This work used eddy covariance data acquired and shared by the FLUXNET community, including these networks: AmeriFlux, AfriFlux, AsiaFlux, CarboAfrica, CarboEuropeIP, CarboItaly, CarboMont, ChinaFlux, Fluxnet-Canada, GreenGrass, ICOS, KoFlux, LBA, NECC, OzFlux-TERN, TCOS-Siberia, and USCCC. The FLUXNET eddy covariance data processing and harmonization was carried out by the ICOS Ecosystem Thematic Center, AmeriFlux Management Project and Fluxdata project of FLUXNET, with the support of CDIAC, and the OzFlux, ChinaFlux and AsiaFlux offices. We are grateful to Dr. Takashi Hirano and Dr. Shih-Chieh Chang for their permission to use data from the Palangkaraya Drained Forest (PDF) and Chi-Lan Mountain (CLM) sites, respectively (AsiaFlux), and to Dr. Michael Liddell for making available data from the Cape Tribulation, Cow Bay, and Robson Creek sites (OzFlux). D.S.M. was supported by a graduate scholarship from CONACYT, Mexico (number 595847). E.A.Y. acknowledges support from CONACYT, Mexico (grant number 221014) and PROFAPI-ITSON, Mexico. N.E.R.R. was supported by a graduate scholarship from CONACYT, Mexico (number 278991). G.A.P. acknowledges support from CONACYT PN, Mexico (grant number 2017-6231) and USAID-USFS (grant number 12-IJ-11242306-033). E.G.C. acknowledges support from the Inter-American Institute for Global Change Research (grant numbers CRN2, CRN3-025) and CONACYT, Mexico (grant number 175725). J.D.B. and T.A. acknowledge support from SEMARNAT-CONACYT, Mexico (grant numbers 108000, CB 2008-01 102855, CB 2013 220788). J.D.B. was supported by a graduate scholarship from CONACYT, Mexico (number 211819). F.H. acknowledges support from CONACYT, Mexico (grant number 187646) and UNAM-PAPIIT, Mexico (grant number IB100113). S.A.B. acknowledges support from CONACYT, Mexico (grant number INFR-2016-01-269269). B.F.E and J.U.S. acknowledge support from LANRESC-CONACYT, Mexico (grant number 271544) and UNAM-PINCC-2020, Mexico. J.U.S. was supported by a graduate scholarship from CONACYT, Mexico (number 415123). J.G.P. acknowledges support from PROFAPI-ITSON, Mexico. Finally, we are grateful to the two anonymous reviewers whose comments and suggestions led to significant improvements in this work.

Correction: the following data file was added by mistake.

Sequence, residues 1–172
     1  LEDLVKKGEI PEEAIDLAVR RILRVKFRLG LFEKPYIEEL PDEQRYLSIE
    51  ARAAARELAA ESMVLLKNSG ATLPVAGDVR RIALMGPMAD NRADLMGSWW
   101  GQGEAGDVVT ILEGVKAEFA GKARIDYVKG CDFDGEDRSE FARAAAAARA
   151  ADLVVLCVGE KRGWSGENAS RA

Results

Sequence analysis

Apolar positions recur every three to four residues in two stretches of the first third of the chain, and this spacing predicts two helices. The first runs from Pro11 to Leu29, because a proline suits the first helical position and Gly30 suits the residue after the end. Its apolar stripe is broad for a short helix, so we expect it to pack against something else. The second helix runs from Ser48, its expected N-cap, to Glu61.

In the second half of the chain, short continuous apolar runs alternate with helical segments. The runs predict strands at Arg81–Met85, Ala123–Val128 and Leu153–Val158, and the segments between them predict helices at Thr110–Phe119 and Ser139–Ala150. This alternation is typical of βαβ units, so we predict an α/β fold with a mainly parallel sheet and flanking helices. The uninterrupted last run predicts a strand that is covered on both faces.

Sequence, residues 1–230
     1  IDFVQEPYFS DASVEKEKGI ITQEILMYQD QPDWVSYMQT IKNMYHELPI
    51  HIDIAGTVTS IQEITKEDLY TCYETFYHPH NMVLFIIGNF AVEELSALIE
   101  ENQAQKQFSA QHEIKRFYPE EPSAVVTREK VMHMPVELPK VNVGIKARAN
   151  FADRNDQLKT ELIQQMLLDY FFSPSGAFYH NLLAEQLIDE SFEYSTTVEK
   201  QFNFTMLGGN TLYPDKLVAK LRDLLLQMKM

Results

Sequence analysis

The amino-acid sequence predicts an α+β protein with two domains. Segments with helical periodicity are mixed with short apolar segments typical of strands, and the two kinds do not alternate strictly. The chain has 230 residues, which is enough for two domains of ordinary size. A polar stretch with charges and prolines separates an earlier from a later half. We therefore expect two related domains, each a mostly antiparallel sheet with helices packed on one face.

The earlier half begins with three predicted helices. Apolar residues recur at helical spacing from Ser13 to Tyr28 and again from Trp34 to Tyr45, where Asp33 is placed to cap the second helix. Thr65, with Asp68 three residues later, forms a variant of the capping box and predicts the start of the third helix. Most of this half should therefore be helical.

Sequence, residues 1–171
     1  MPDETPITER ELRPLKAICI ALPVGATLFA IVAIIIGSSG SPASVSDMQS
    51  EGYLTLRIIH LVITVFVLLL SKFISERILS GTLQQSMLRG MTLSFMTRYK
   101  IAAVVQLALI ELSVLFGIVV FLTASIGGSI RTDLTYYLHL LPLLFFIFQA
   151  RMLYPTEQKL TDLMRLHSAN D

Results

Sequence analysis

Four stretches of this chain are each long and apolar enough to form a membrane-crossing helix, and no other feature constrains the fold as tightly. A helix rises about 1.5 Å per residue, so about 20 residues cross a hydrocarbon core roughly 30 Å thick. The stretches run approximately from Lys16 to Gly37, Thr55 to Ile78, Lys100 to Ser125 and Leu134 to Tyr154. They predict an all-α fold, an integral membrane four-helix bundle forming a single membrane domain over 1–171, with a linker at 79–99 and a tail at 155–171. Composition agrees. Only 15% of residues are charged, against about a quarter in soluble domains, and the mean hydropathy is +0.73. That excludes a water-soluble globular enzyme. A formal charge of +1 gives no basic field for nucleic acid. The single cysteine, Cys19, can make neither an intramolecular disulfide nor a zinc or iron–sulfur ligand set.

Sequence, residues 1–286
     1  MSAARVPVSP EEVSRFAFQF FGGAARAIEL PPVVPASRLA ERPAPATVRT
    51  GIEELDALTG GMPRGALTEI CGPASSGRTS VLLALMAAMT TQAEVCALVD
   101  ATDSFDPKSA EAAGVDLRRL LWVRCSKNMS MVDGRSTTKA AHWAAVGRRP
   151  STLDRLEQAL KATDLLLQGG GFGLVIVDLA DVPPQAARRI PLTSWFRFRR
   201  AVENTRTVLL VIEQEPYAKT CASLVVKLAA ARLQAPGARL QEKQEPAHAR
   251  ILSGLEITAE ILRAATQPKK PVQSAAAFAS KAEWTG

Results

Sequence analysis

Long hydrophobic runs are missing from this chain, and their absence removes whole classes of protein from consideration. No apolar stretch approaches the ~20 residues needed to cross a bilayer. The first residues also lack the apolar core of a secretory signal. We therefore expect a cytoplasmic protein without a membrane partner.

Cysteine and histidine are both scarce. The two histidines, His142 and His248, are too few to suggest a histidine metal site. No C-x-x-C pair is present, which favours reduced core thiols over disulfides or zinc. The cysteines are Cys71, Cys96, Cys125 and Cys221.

Funding Information:
This work used eddy covariance data acquired and shared by the FLUXNET community, including these networks: AmeriFlux, AfriFlux, AsiaFlux, CarboAfrica, CarboEuropeIP, CarboItaly, CarboMont, ChinaFlux, Fluxnet-Canada, GreenGrass, ICOS, KoFlux, LBA, NECC, OzFlux-TERN, TCOS-Siberia, and USCCC. The FLUXNET eddy covariance data processing and harmonization was carried out by the ICOS Ecosystem Thematic Center, AmeriFlux Management Project and Fluxdata project of FLUXNET, with the support of CDIAC, and the OzFlux, ChinaFlux and AsiaFlux offices. We are grateful to Dr. Takashi Hirano and Dr. Shih-Chieh Chang for their permission to use data from the Palangkaraya Drained Forest (PDF) and Chi-Lan Mountain (CLM) sites, respectively (AsiaFlux), and to Dr. Michael Liddell for making available data from the Cape Tribulation, Cow Bay, and Robson Creek sites (OzFlux). D.S.M. was supported by a graduate scholarship from CONACYT , Mexico (number 595847 ). E.A.Y. acknowledges support from CONACYT, Mexico (grant number 221014) and PROFAPI-ITSON, Mexico. N.E.R.R. was supported by a graduate scholarship from CONACYT, Mexico (number 278991). G.A.P. acknowledges support from CONACYT PN, Mexico (grant number 2017-6231) and USAID-USFS (grant number 12-IJ-11242306-033). E.G.C. acknowledges support from the Inter-American Institute for Global Change Research (grant numbers CRN2, CRN3-025) and CONACYT, Mexico (grant number 175725). J.D.B. and T.A. acknowledge support from SEMARNAT-CONACYT, Mexico (grant numbers 108000, CB 2008‐01 102855, CB 2013 220788). J.D.B. was supported by a graduate scholarship from CONACYT, Mexico (number 211819). F.H. acknowledges support from CONACYT, Mexico (grant number 187646) and UNAM-PAPIIT, Mexico (grant number IB100113). S.A.B. acknowledges support from CONACYT, Mexico (grant number INFR-2016-01-269269). B.F.E and J.U.S. acknowledge support from LANRESC-CONACYT, Mexico (grant number 271544) and UNAM-PINCC-2020, Mexico. J.U.S. was supported by a graduate scholarship from CONACYT, Mexico (number 415123). J.G.P. acknowledges support from PROFAPI-ITSON, Mexico. Finally, we are grateful to the two anonymous reviewers whose comments and suggestions led to significant improvements in this work.

Publisher Copyright:
© 2022 Elsevier B.V.

Keywords

  • ALEXI
  • GLEAM
  • MOD16
  • Subtropics
  • Tropics